Relatively Speaking

Some of the discussion in the wake of Notre Dame’s first ACC title in men’s basketball has revolved around the position this win deserves in the history of the program. After all, ND fans can remember a lot of big moments — Dwight Clay’s shot from the corner, Orlando Woolridge taking down the Cavaliers, 29-clap-clap-and-one-clap-clap, 61 points from AC against Ohio U, etc. etc.

My position? This one is the biggest of them all … perhaps sitting second to the win over DePaul that propelled the team to the 1978 Final Four, but in the same rarified air … and I’ll tell you why.

The thing that has always bothered me about Notre Dame basketball history is, like Boston College football history, it’s composed of the team depriving other people of doing things rather than doing things themselves. Watching Clay’s shot on YouTube will always get me out of my seat, but at the end of the day, I remember Notre Dame’s achievement is a reflection on what the opponent failed to do. I would never tell an attendee of the 1977 game against San Francisco they’re not an MVP, but there aren’t any banners in Purcell Pavilion for that win.

I still love all of those moments. But they’re moments only Notre Dame fans can love. Our feelings about them aren’t tangible.

Tonight’s win, on the other hand, is very very tangible. Decades from now, the Atlantic Coast Conference statistics will list Notre Dame as its champion for 2014-15. A banner will be hung next fall when the team reconvenes on campus, and that banner will remain there forever. There was a goal to be achieved, and this team walked out on the court and took it when many many prior ND teams had failed.

For all the fantastic moments Notre Dame basketball has brought its fans in 100+ years, that “one Final Four” during the video pregame introductions has been pretty lonely. Now there’s an ACC Championship to put up next to it. And in three weeks, who knows?

42 thoughts on “Relatively Speaking

  1. The ACC champ (automatic bid) is usually a No. 1 seed That wll not happen this time. But it is rewarding to see the orphan basketball programs finally shaking loose of the football identity. If the men continue to progress, the women’s team will become secondary. 1) Because it is tougher to do in the men’s game. 2) The fans will migrate towards the men. As a lifetime basketball fan and a writer of more than 40 years, I can say let’s do something with this magnificent moment. At least a Sweet 16 as the best men’s program in the state.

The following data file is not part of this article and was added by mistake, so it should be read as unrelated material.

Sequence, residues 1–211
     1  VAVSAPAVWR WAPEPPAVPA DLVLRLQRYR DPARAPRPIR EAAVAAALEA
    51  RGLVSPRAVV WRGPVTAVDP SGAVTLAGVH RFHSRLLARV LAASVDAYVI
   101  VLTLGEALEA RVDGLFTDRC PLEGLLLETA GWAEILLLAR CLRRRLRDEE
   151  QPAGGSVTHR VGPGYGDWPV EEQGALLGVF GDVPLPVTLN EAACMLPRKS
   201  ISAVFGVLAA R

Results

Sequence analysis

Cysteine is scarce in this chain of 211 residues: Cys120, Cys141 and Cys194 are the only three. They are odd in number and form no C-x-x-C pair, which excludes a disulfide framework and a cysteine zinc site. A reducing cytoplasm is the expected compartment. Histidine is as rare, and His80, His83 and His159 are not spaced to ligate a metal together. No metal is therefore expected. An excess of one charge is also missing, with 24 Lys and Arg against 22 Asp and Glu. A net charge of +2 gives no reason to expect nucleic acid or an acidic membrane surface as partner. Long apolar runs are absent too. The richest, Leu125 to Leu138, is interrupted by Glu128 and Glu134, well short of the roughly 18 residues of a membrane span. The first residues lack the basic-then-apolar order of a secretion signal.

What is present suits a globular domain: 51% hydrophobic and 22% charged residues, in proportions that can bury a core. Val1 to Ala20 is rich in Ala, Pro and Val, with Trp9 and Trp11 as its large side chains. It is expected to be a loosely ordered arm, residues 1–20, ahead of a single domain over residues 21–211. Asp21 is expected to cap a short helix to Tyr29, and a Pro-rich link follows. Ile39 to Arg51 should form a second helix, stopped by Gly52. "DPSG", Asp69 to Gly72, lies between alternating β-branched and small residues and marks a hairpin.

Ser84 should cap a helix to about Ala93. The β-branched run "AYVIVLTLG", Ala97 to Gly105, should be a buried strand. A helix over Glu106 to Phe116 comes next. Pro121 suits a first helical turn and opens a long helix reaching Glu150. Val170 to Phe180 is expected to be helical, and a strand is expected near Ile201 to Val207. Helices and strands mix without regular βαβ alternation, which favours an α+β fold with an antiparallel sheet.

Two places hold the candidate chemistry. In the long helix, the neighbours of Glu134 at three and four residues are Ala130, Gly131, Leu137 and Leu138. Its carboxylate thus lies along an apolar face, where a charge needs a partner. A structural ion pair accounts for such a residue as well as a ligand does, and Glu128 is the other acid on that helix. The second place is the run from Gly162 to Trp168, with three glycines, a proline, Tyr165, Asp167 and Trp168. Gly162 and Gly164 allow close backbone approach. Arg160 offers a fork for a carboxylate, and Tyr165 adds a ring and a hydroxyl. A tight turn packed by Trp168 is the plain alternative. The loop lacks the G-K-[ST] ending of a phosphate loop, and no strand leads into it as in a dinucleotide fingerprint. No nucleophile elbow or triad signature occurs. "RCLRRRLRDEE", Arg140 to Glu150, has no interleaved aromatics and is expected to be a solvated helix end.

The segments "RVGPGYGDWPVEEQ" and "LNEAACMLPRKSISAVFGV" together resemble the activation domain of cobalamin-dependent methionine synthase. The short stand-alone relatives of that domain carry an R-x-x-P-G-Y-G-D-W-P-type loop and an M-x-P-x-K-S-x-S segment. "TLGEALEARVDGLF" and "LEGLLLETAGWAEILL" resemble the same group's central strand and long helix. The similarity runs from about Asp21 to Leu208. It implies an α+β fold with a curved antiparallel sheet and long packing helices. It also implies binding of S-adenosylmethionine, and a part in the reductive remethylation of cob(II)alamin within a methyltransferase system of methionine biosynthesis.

• “If the men continue to progress, the women’s team will become secondary.”
      I find this comment depicting a sexist attitude.

      Saying that the women’s team has to be treated as second class citizens in order for the men’s team to grow and thrive, reminded me of the sexist comments former UCONN head coach Jim Calhoun said about the 1995 UCONN women’s team, who won UCONN’s first basketball championship. He said that women’s basketball should not be televisied because it took time and attention away from the men’s teams and only old women and children attended the women’s games; therefore, the women’s game is inferior to the men’s and not deserving of being nationally televised. Calhoun was roundly critisized in Connecticut for those sexist comments and it further deepened a rift between him and Geno Auriemma. However, Geno was and still is close friends with Kevin Ollie, the current UCONN head coach, and while Calhoun was a sexist jerk, the men’s basketball players supported the women’s team and vice-versa.

      As I recall, former ND Men’s basketball head coach Matt Doherty praised the ND women’s team during a televised interview in 1999. Coach K of Duke also praises Duke’s women’s basketball teams. Neither saw their women’s team accomplishments threatening their manhood or interfering in the development of their own teams. In 2001, I recall seeing Mike Brey in the ND section at the NCAA Women’s basketball championship where the ND women won the title against Purdue.

      At UCONN both the men’s and women’s basketball teams are supported enthusiastically. While most fans support both teams, the women have a cohort of loyal followers who prefer the women’s basketball games due to it’s emphasis on mastering the fundamentals over making the game into a dunking contest. The men have their cohort too.

      UCONN is the only college to have the men’s and women’s basketball teams win national championships in the same year twice. Why can’t Notre Dame do that? In fact, I challenge Notre Dame to do that.

      Instead of putting the ND women’s team in second class status, why not challenge the men’s team to do as well as the women’s team, who have a national championship under its belt, 2 ACC Tournament and Season titles and been to the Final 4 multiple times. It’s not easy winning titles in the women’s game either.

      Every year, I cheer for both the ND men’s and women’s basketball teams and am proud of their
      accomplishments. ND alumni and fans should cheer for all ND teams to do well.

  2. Geoffrey '73 says:

    If they start putting up busts of basketball coaches, Brey’s bust will belong as much as Phelps’.